Now, it’s not to say that there are no solutions found in steps one or three, there are overlaps, but it’s to remind us, especially in the early stages of developing our coaching skills, that the emphasis in the early part of a session is on finding out what the client wants from a session which we call contracting.
In step 2, we move into solutions, partnering with the client to achieve the contract. And in this final step 3, we are looking at what’s in the way, why it is in the way and how the client can move forward.
We’re also partnering with the client to connect this session to any previous sessions, perhaps. if creating a kind of continuity and context within all of their coaching.
Finally, “Partners with the client to close the session.”
There’s nothing worse than watching a beautiful movie end suddenly when the titles show up, and you ask, “is that the end?”
Because there was no real clear ending, and there’s a disappointment. Don’t let your coaching sessions fizzle like that.
So I’m going to give you a couple of techniques, reminders, and insights that will help you facilitate client growth and wrap up a session. Reflect on the original contract, what they said they wanted from the coaching session, the outcome, the evidence you created around that (how we know we are there) and the measure of success.
As always, you want to include both WHAT and WHO.
The WHO is the expansion of their sense of self, their values, their beliefs, their sense of purpose, those aha moments that stretch what I call the seeing and the being, the eye and the eye. The perception that is the eye and the I is in the identity because they’re one and the same.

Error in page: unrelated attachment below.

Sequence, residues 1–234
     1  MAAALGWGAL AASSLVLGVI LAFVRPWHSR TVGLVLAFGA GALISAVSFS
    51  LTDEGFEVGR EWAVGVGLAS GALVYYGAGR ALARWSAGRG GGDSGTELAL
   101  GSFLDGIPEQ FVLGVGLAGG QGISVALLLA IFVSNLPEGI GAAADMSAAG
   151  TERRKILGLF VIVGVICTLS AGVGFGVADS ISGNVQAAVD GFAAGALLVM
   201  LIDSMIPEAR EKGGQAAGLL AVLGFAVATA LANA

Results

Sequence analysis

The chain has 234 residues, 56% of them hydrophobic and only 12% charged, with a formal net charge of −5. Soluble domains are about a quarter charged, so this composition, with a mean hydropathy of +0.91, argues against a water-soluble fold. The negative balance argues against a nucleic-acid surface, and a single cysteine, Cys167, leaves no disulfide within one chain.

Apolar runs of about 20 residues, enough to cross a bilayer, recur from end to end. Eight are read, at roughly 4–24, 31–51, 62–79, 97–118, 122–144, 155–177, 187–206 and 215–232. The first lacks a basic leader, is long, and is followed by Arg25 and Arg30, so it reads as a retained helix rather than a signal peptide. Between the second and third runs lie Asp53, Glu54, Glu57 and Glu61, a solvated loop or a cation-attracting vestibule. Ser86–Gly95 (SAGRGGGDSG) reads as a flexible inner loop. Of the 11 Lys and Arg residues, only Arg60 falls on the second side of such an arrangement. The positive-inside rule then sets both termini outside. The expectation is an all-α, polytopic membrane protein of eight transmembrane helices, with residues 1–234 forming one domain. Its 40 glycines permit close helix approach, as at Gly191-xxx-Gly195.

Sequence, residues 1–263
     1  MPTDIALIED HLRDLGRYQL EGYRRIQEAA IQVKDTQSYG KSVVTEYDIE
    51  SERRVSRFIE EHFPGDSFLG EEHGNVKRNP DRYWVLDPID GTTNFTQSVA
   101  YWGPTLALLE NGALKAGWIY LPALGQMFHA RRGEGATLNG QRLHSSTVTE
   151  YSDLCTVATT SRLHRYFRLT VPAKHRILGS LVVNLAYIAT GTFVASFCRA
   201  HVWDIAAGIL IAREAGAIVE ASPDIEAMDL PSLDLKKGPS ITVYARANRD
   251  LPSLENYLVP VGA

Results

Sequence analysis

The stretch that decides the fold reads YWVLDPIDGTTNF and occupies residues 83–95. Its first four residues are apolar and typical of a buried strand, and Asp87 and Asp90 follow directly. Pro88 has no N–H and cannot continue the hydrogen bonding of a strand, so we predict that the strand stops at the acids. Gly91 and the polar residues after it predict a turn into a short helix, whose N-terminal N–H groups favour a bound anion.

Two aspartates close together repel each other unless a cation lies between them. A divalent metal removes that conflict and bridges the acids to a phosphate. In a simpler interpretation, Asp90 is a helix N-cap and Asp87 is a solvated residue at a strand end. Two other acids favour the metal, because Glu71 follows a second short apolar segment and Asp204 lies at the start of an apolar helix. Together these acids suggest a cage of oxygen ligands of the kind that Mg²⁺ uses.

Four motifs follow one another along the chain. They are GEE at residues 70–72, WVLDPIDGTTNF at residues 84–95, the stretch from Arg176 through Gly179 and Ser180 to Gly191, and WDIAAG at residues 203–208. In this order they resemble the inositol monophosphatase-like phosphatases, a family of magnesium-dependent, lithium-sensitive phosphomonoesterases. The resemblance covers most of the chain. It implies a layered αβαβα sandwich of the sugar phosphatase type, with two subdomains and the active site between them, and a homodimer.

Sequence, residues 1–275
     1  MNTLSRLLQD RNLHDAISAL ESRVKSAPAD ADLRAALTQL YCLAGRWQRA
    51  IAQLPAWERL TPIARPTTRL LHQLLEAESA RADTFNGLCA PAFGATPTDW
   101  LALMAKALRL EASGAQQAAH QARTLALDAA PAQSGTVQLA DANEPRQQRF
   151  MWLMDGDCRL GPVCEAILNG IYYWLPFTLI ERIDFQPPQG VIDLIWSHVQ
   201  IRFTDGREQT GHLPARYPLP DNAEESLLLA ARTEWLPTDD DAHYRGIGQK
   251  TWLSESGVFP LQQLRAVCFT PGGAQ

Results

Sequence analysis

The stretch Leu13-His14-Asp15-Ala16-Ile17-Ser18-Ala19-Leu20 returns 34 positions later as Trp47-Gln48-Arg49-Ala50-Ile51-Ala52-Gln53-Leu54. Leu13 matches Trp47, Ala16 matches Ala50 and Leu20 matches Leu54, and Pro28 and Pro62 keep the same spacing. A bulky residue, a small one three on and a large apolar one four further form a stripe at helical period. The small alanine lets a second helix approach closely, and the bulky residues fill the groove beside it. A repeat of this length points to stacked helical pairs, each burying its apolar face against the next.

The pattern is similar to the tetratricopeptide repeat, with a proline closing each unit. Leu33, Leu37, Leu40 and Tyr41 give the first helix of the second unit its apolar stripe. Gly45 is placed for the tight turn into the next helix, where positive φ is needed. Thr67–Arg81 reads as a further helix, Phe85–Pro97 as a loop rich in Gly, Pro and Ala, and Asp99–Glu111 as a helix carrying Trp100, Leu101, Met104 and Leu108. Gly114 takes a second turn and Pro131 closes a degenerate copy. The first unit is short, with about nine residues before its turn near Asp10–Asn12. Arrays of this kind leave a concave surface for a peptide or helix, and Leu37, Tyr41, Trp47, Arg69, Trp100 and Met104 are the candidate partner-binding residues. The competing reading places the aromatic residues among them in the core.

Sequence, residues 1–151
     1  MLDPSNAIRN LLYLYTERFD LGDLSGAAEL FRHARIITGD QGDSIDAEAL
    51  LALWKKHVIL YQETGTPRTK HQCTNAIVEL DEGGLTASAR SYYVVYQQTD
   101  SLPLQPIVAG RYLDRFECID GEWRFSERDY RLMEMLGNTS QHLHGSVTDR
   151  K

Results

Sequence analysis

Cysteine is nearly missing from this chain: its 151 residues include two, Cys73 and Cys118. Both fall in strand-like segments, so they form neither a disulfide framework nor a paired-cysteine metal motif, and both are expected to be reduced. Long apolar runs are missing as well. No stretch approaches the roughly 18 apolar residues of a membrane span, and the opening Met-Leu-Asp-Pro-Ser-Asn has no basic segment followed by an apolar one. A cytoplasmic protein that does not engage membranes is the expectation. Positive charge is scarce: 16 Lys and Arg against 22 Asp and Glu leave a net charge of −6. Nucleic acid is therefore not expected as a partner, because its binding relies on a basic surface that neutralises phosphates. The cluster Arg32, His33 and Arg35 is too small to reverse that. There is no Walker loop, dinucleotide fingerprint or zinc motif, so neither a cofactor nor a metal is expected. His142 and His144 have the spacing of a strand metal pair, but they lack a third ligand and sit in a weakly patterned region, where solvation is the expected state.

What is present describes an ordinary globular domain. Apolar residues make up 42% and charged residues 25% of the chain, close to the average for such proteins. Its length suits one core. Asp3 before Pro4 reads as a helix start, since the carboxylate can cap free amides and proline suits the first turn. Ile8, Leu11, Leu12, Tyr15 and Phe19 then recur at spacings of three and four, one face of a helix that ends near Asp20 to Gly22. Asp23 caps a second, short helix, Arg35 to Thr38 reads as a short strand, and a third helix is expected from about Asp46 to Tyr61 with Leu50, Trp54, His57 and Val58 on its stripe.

When we expand somebody’s seeing, we also expand their being. When we expand their being, we also expand their seeing.
That’s an InnerLifeSkills teaching.
The WHAT is the more practical classical coaching conversation around goals, solutions and to-do lists. We look at how they’re going to move on, and we ask questions like, “How are you going to stay on track?”
We can explore accountability planning.
This can include a conversation around habits, change, research, experimentation, or anything your client decides would be a helpful way to embody and integrate what they’ve discovered in the session.
We want to examine what’s helpful and what could hinder their process. It might be really beautiful to include a discussion about post-session reflections. How will the client contemplate and reflect in a mindful way, not just the practical sides of the session, like the action steps, but also self-inquiry and personal growth?
Now, a wonderful way to wrap up a session is with acknowledgement. Acknowledgement can be used throughout the session, but what a lovely opportunity at the end of the session to acknowledge something you saw, something sincere you want to celebrate about the client.
- an attitude
- words they said that stood out for you
- an insight
- a strength
- something about their talents, skills, character
- noting their progress
Share with sincerity
So this is not about creating acknowledgement just because it sounded like a good idea or it’s on a list of things to include in your session. This is just pausing, taking a moment, thinking about all you’ve seen and heard, finding something that feels true, using your intuition and sharing that.
And then, with the last few minutes of a session, why not say to your clients, “With these last few minutes, is there anything else we need to include or cover?”
That way, you are even partnering with your client to finish the session.
I hope you’ve enjoyed this series on the ICF competencies and some skills and methods that will strengthen your coaching.
May you coach and guide and lead with wisdom and heart. The world certainly needs wisdom-led coaches.